Cargolux 747-8F delivery impasse ended, delivery on October 12

Cargolux Boeing 747-8F LX-VCB RC502

It took until the second question at today’s Qatar Airways 100th airplane delivery event for CEO Akbar Al-Baker to be asked about the contract dispute between Cargolux, of which Qatar is a 35% stakeholder, and General Electric that abruptly cancelled delivery of the cargo carrier’s first two 747-8Fs.
Al-Baker declared the dispute between Cargolux, Boeing and GE resolved over the 2.7% fuel burn shortfall on the freighters, and that the launch customer for the type will take delivery on October 12, pending an October 6-7 Cargolux board meeting. 
However, sources indicate that there is no dispute between Qatar Airways and Boeing in respect of 787 delay compensation. Sources point to a more likely influence being Qatar Airways’ knowledge of the 747-8 performance shortfall and related compensation terms as a result of managing the purchase of two 747-8I VIP aircraft for the Qatar government. GE and Boeing are developing a performance improvement package (PIP) to address just over half of the 2.7% fuel burn shortfall suffered by the 747-8′s GEnx-2B67.

However, service-entry of the PIP is believed to be at least two years away – with customers being asked to pay for the upgrade. The engine will need additional upgrades to redress the balance of the performance deficit, and there is the prospect of an additional charge being made for this PIP.

At the time of its publication early Friday, the Flightglobal report (excerpted above) called the negotiations ongoing and there was a “constructive dialogue” between the parties. Clearly, the gap was closed in the hours before Qatar took its100th aircraft, a new 777-200LR.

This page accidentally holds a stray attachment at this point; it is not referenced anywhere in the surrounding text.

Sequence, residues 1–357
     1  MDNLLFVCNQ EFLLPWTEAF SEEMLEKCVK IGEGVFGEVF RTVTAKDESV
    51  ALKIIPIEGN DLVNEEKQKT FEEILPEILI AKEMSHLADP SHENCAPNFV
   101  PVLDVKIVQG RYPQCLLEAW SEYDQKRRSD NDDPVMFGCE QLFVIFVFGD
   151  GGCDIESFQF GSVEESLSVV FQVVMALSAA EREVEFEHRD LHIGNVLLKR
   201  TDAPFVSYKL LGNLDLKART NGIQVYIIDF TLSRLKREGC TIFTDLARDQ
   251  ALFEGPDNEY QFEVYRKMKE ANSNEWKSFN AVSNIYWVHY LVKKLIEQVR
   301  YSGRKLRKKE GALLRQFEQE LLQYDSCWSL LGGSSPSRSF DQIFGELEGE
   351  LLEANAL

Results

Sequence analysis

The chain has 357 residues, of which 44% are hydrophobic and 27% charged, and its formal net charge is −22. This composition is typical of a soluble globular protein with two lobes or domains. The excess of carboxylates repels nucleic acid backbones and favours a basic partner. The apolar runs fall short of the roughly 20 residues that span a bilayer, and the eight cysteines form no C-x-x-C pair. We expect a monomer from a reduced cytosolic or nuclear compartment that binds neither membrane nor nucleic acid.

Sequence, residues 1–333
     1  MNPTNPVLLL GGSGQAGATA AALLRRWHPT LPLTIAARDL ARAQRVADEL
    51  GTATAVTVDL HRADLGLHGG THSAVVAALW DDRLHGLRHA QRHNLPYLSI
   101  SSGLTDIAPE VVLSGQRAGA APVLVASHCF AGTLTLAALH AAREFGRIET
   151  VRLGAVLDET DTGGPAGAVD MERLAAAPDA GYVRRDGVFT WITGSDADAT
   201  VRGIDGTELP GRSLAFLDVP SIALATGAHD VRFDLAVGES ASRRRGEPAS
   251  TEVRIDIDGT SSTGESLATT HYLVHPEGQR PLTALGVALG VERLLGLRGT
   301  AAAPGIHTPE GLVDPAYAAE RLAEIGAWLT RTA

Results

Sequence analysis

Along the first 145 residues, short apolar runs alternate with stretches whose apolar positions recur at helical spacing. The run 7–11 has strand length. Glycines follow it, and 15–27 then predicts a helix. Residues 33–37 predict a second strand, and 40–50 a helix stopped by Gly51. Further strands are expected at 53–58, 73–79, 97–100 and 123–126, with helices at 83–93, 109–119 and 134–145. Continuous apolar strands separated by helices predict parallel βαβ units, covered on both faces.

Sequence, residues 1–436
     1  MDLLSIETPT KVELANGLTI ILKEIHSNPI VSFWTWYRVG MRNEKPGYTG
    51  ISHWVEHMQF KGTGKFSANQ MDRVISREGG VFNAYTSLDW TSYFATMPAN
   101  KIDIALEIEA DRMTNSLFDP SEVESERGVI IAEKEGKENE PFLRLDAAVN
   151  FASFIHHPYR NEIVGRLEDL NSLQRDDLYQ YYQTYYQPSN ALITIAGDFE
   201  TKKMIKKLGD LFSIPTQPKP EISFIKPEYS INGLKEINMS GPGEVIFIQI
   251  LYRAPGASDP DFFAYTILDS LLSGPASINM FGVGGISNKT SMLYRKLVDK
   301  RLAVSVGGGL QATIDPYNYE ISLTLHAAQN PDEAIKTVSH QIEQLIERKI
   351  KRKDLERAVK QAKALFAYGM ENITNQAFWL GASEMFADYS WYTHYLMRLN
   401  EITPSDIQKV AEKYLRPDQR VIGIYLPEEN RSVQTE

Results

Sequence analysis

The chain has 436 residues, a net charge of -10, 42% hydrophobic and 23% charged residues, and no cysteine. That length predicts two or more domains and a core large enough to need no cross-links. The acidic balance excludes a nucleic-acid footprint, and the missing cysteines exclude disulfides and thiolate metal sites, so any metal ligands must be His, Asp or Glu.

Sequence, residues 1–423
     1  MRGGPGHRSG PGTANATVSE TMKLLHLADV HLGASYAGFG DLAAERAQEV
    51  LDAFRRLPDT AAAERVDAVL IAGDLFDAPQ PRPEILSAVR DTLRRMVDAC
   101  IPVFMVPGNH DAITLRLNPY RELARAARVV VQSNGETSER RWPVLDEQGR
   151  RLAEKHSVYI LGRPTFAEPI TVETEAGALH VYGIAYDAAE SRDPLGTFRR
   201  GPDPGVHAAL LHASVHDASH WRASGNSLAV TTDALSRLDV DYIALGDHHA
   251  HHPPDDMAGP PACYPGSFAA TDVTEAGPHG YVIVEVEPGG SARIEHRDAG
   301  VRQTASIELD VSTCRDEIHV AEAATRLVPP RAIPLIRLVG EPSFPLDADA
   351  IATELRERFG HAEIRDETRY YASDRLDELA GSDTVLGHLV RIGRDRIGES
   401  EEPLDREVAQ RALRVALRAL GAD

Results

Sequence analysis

Industry sources say that Cargolux will remain the launch customer for the type, with Boeing very likely to make its first deliveries to Atlas Air and Cathay Pacific Cargo following its belated handover to the European cargo-hauler.

12 Responses to Cargolux 747-8F delivery impasse ended, delivery on October 12

  1. -- October 1, 2011 at 12:32 am #

    “the impasse had been resolved between the cargo company and General Electric over a 2.7% fuel burn shortfall in the new jets”
    Is that figure for the engines or the aircraft? From your article it sounds like the aircraft but considering the original comment is about a dispute with GE, it sounds more like the engines.

  2. Guru Josh October 1, 2011 at 6:36 am #

    Did Akbar Al Baker explicitly call it a 2,7% fuel burn issue? The GEnx-2B engine is believed to have a 2,7% SFC issue alone (engine level, fuel burn = airplane level), so as the plane is overweight on top, block fuel should be off by more than 2,7%.
    I doubt that any customer, more so a cargo operator, would make such a fuss on ‘just’ a 2,7% block fuel issue.

  3. Christopher Dye aka CubJ3 October 1, 2011 at 7:01 am #

    So, it looks like the issue was that Cargolux had not gotten the level of compensation for its 748s that Qatar gotten for the 748Is, not the other way around.

  4. V V October 1, 2011 at 9:08 am #

    Agree with Guru Josh.
    It is weird that 2.7% of sfc made such a noise especially when you know that they must have somekind of remedy that is contractually defined to compensate a fuelburn shortfall beyond the tolerance.

    The reality is that worldwide Available Freight Tonnes Kilometer (AFTK) is increasing much more rapidly than the Revenue Tonne Kilometer (FTK).
    Perhaps they do not need to further grow their AFTK in the short term especially with the current financial troubles in Europe.